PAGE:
My reading is that they are not the same thing. The following paragraph from the Wikipedia page for "probability density function" may help or may just confuse you further:
The terms "probability distribution function" and "probability function" have also sometimes been used to denote the probability density function. However, this use is not standard among probabilists and statisticians. In other sources, "probability distribution function" may be used when the probability distribution is defined as a function over general sets of values, or it may refer to the cumulative distribution function, or it may be a probability mass function rather than the density. Further confusion of terminology exists because density function has also been used for what is here called the "probability mass function."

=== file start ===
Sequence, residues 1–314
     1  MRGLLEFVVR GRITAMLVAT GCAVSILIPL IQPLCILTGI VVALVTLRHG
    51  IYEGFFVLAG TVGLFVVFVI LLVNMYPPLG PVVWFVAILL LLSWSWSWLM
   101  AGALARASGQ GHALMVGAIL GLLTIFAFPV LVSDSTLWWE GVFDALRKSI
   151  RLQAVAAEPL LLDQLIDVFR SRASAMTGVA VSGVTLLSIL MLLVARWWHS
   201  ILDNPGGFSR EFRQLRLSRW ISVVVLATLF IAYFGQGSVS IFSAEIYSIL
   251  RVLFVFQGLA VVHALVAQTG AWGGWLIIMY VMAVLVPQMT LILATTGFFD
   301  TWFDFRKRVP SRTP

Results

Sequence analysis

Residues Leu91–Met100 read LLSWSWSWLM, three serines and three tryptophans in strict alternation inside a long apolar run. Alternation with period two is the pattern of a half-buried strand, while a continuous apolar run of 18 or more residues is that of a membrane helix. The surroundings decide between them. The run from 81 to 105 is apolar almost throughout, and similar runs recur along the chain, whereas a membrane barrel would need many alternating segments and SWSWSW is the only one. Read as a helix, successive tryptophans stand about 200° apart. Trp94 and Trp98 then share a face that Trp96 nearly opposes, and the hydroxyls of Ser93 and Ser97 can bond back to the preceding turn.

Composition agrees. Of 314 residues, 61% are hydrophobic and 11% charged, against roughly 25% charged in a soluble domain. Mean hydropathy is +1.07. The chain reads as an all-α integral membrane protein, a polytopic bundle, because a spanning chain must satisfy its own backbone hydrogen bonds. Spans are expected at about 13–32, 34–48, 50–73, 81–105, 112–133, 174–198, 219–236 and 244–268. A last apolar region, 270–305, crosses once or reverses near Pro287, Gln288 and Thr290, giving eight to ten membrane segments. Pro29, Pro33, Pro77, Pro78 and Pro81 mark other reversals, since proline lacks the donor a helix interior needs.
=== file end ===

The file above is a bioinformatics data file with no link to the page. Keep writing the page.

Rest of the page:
Your definition of a "probability function" ("assigns a probability to an event") seems more applicable to a probability mass function, $f(x) = Pr(X=x)$, which is a function that gives the probability that a discrete random variable is exactly equal to some value. A probability density function, maps a continuous variable to the relative likelihood of that value as compared to other values. For given $x$, the value of the probability density function $f(x)$ may have a value greater than 1, which is a no-no when it comes to probability. For example, the uniform distribution on the interval [0, .5] has a value of 2 on that interval and 0 elsewhere. In order to obtain probability from the probability density function, one must integrate between the values of interest. This means, interestingly, that the probability of a given specific $x$ occurring is technically zero. This is because if in integrate $f(x)$ from $a$ to $b$ where $a=b$ you get $F(a)-F(a) = 0$ where $F(x)$ is the cumulative distribution function.